Oddly enough, these additional details didn’t satisfy my need to complete my origin story; they only made my desire to fill in the puzzle with more depth and color that much stronger. Now armed with names and dates, I did a Freedom of Information Act (FOIA) request letter to Immigration and Naturalization Services (INS) to obtain my entire file because I was German citizen and had gone through an abbreviated U.S. naturalization process later.
I was pleasantly surprised to receive a prompt response indicating that the file would be available at the federal courthouse in Louisville, KY–the same location where I became a U.S. citizen. I live in Bowling Green, KY and work as an attorney. I’d been to the federal courthouse in Louisville for clients, but this time my trip was deeply personal and potentially life changing.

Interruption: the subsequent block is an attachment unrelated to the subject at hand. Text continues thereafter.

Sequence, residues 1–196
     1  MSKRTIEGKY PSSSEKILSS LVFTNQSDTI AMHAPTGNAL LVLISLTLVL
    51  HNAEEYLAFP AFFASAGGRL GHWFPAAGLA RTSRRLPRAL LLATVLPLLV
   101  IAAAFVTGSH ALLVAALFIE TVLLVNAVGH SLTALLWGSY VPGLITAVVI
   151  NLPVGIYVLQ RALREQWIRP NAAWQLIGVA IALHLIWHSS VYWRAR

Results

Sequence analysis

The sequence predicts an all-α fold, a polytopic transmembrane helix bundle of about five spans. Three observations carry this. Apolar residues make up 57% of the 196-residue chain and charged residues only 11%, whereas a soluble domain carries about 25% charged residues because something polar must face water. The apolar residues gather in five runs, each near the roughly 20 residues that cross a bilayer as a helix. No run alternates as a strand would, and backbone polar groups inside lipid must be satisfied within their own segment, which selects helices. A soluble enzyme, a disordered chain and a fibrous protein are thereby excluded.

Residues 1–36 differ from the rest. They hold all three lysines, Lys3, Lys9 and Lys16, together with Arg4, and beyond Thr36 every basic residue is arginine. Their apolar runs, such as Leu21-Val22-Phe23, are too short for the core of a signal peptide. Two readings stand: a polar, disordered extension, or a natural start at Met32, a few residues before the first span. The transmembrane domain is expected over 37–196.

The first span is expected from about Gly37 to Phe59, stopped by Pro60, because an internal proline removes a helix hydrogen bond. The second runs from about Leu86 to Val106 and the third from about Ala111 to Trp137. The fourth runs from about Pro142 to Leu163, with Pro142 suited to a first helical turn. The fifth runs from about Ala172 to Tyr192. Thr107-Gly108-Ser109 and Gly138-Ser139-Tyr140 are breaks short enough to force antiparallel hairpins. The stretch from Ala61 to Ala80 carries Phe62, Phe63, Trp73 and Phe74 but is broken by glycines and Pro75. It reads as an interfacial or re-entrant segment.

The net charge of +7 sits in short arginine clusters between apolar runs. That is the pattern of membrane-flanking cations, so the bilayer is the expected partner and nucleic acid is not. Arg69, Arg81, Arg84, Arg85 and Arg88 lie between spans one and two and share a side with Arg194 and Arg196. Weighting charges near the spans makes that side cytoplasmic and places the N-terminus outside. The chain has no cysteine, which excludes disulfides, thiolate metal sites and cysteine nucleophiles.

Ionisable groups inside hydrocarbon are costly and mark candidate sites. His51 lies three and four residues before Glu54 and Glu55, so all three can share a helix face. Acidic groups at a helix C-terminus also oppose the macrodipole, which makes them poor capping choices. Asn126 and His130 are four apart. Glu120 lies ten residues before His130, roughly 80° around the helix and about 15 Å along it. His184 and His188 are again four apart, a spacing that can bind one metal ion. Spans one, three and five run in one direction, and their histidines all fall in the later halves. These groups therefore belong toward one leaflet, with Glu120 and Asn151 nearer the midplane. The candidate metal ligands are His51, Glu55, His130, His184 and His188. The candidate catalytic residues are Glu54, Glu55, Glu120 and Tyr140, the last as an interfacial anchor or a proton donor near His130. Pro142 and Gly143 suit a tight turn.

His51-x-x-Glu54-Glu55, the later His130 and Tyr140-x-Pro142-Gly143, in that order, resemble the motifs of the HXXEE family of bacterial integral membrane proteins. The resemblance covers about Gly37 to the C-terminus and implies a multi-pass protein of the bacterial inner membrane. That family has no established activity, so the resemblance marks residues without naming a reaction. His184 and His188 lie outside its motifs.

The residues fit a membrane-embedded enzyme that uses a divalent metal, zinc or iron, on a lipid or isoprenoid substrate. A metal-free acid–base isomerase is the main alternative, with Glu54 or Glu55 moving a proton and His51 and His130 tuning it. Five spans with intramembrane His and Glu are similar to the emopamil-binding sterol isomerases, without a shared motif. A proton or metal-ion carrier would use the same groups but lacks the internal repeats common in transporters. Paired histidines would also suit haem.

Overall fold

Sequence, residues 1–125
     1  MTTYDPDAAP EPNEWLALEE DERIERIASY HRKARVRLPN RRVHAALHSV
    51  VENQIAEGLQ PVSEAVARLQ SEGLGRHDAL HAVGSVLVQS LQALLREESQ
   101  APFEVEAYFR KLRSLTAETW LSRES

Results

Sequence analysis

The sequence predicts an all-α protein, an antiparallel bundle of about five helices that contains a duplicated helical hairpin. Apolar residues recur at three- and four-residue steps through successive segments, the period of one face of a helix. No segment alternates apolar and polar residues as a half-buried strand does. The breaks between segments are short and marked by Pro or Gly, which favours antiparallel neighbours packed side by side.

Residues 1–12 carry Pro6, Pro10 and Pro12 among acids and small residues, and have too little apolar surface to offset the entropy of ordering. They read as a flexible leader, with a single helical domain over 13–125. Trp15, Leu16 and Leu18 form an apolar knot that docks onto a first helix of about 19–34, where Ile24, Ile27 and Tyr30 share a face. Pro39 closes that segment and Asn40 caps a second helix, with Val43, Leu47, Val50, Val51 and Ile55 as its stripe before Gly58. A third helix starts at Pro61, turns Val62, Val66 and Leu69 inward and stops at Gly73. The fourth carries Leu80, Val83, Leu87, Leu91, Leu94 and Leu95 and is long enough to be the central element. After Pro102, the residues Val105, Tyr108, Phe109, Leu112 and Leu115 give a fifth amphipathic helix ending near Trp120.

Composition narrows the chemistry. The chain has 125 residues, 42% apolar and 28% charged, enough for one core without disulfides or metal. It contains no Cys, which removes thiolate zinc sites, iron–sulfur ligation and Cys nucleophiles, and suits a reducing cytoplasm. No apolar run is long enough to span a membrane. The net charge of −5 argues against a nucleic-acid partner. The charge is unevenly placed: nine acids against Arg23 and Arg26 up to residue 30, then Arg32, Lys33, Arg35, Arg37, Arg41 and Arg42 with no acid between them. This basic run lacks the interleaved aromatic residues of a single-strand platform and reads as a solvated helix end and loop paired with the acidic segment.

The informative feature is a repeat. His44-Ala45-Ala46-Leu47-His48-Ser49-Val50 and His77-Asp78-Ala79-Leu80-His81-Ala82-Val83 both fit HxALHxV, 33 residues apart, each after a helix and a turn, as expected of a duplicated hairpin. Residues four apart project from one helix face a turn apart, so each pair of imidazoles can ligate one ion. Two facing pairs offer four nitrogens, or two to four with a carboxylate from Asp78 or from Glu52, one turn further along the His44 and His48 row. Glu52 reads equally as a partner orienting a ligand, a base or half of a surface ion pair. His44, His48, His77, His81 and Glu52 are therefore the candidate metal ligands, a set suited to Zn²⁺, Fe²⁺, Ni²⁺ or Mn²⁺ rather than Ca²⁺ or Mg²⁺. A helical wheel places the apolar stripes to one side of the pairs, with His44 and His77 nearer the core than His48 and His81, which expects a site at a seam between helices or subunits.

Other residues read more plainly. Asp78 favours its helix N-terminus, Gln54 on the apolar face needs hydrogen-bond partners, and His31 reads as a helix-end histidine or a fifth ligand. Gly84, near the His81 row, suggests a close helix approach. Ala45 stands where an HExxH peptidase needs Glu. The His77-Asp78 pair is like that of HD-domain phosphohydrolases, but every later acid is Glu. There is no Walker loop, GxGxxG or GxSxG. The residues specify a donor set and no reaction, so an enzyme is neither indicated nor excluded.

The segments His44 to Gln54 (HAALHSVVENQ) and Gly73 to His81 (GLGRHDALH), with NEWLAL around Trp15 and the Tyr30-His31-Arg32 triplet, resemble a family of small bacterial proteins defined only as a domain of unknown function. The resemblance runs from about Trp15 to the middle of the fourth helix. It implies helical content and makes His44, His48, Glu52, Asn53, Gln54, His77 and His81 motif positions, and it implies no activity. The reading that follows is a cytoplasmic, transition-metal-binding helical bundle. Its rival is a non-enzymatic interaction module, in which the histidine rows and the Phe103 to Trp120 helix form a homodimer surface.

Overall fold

When I arrived, I was surprised by the amount of documents — supporting papers, marriage certificate, adoption documents, original birth certificates (English and German), and the familiar legally changed birth certificate. At that moment, I felt a tidal wave of emotion upon seeing a birth certificate with a different name and different mother (no father listed).
I occasionally spoke German with my Mom and studied German in college, so I was able to quickly learn new facts that filled in the puzzle. I was disappointed that no father was listed; however, I was determined to find my biological mother.
My next destination was Germany. My Oma passed away in the spring of 2001 and the earliest my mom and I could go to Germany was in the fall. We purchased our tickets and then the horrific events of September 11th occurred. I was still determined to go.